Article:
Nickel metal hydride battery

From EVProduction
Jump to: navigation, search

A nickel metal hydride battery, abbreviated NiMH, is a type of rechargeable battery similar to a nickel-cadmium (NiCd) battery but has a hydrogen-absorbing alloy for the anode instead of cadmium. Like in NiCd batteries, nickel is the cathode. A NiMH battery can have two to three times the capacity of an equivalent size NiCd and the memory effect is not as significant. However, compared to the lithium-ion battery, the volumetric energy density is lower and self-discharge is higher.

Applications of NiMH type batteries includes hybrid vehicles such as the Toyota Prius and consumer electronics. The NiMH technology will also be used on the Alstom Citadis low floor tram ordered for Nice, France; as well as the humanoid prototype robot ASIMO designed by Honda. Standard NiMH batteries perform better with moderate drain devices such as digital cameras, flashlights, and other consumer electronics. Because NiCd batteries have lower internal resistance, they still have the edge in very high current drain applications such as cordless power tools and RC cars.

Charging

File:Charge NiMH.svg
NIMH Charge curve

The charging voltage is 1.4-1.6 V/cell.[1] Duracell recommends "a maintenance charge of indefinite duration at C/300 rate". A fully charged cell measures 1.35-1.4 V (unloaded), and supplies a nominal average 1.2V during discharge, down to about 1.0V (further discharge may cause permanent damage). Voltage Depression ("Memory Effect") from repeated partial discharge can occur, but is reversible through charge cycling. [2]

When fast-charging, it is advisable to charge the NiMH batteries with a smart battery charger to avoid overcharging, which can damage batteries and cause dangerous conditions. Modern NiMH batteries contain catalysts to immediately deal with gases developed as a result of over-charging without being harmed (2 H2 + O2 ---catalyst--> 2 H2O). However, this only works with over-charging currents of up to C/10 h (nominal capacity divided by 10 hours). As a result of this reaction, the batteries will heat up considerably, marking the end of the charging process. Some quick chargers have a fan to keep the batteries cool.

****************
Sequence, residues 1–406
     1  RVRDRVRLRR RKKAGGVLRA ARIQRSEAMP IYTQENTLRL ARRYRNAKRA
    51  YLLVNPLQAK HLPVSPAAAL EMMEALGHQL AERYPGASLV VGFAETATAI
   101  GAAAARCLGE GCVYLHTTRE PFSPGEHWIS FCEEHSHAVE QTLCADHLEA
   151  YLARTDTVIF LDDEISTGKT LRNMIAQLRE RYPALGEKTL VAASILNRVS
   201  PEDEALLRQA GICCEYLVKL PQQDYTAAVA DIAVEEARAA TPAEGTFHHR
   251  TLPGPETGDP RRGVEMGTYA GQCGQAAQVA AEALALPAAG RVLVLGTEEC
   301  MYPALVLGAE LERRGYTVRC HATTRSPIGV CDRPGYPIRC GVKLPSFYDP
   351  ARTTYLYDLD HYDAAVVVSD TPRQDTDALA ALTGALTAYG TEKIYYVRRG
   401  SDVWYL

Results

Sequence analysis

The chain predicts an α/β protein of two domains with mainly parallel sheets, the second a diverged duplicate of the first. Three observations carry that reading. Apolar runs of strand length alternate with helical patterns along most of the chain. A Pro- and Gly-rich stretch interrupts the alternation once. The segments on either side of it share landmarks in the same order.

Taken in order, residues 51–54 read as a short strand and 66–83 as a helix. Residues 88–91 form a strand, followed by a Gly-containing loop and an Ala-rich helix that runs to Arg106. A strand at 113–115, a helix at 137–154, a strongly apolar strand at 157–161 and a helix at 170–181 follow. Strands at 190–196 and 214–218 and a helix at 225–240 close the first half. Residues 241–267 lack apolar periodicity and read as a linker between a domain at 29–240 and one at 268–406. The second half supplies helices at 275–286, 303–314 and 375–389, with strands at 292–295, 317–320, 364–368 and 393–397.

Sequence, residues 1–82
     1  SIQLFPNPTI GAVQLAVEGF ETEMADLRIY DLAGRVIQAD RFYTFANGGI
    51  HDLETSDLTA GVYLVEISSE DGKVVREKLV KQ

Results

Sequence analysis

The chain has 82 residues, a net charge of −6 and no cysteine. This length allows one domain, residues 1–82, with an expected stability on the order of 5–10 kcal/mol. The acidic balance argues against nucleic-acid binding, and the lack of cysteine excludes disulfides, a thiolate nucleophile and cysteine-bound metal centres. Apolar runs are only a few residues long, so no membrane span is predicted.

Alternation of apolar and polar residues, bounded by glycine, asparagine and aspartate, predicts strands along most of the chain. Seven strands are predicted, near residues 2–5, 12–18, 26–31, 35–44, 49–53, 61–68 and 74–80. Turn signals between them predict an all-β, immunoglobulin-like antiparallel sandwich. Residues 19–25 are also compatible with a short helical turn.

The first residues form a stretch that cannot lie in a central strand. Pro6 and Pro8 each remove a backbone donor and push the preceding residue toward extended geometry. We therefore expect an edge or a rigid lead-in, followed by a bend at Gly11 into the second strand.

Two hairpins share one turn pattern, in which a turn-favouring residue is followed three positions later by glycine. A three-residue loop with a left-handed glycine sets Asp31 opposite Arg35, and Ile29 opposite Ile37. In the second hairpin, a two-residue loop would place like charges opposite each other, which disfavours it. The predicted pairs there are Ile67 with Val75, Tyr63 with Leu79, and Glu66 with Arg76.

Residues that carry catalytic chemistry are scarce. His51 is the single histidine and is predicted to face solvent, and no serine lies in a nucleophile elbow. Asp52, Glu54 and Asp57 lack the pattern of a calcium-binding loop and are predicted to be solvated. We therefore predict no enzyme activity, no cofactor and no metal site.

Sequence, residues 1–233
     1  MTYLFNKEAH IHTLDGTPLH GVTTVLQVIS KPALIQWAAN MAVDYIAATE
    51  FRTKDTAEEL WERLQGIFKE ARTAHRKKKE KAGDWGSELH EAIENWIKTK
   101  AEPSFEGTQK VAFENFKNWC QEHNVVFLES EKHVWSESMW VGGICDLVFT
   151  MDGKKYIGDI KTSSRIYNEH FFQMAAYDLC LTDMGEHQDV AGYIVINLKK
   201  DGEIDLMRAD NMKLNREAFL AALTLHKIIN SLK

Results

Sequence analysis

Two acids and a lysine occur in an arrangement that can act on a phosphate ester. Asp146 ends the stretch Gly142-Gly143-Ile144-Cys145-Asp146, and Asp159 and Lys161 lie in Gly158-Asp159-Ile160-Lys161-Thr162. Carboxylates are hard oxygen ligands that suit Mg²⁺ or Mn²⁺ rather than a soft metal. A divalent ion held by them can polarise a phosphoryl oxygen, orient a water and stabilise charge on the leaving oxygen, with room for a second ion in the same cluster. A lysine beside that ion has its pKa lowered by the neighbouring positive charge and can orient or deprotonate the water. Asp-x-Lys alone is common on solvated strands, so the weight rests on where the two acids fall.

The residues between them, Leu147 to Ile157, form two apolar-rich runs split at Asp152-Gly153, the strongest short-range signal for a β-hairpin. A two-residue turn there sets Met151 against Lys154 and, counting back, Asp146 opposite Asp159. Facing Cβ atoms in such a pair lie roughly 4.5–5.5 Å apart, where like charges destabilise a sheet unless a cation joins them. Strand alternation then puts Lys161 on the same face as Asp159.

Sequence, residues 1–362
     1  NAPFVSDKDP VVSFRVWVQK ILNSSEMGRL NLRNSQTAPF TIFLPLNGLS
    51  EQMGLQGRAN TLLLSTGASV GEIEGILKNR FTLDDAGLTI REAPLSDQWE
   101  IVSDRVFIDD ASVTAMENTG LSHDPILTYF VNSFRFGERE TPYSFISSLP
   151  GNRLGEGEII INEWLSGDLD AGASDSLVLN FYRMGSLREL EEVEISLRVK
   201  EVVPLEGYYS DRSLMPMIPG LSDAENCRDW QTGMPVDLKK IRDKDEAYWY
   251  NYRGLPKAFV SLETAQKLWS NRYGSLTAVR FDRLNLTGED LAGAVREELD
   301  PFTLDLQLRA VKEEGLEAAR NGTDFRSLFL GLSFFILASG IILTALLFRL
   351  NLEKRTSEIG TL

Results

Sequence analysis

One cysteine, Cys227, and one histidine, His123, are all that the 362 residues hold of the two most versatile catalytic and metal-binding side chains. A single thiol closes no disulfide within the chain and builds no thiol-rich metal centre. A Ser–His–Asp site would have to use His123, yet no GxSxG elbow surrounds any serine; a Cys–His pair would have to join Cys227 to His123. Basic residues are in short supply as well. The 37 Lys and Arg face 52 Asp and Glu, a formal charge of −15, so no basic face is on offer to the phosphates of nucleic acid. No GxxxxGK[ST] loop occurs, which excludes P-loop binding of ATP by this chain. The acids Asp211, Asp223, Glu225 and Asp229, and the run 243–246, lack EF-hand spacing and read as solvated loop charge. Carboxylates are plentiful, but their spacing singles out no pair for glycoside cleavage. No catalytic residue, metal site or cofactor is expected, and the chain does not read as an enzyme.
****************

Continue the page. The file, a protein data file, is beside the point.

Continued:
Some equipment manufacturers consider that NiMH can be safely charged in simple fixed (low) current chargers with or without timers, and that permanent over-charging is permissible with currents up to C/10 h. In fact, this is what happens in cheap cordless phone base stations and the cheapest battery chargers. Although this may be safe, it may not be good for the health of the battery. According to the Panasonic NiMH charging manual (link below), permanent trickle charging (small current overcharging) can cause battery deterioration and the trickle charge rate should be limited to between 0.033×C per hour and 0.05×C per hour for a maximum of 20 hours to avoid damaging the batteries.

Long-term maintenance charge of NiMH batteries needs to be by low duty cycle pulses of high current rather than continuous low current in order to preserve battery health.

Brand new batteries, or batteries which have been unused for some time, need "reforming" to reach their full capacity. For this reason new batteries may need several charge/discharge cycles before they operate to their advertised capacity.

Discharging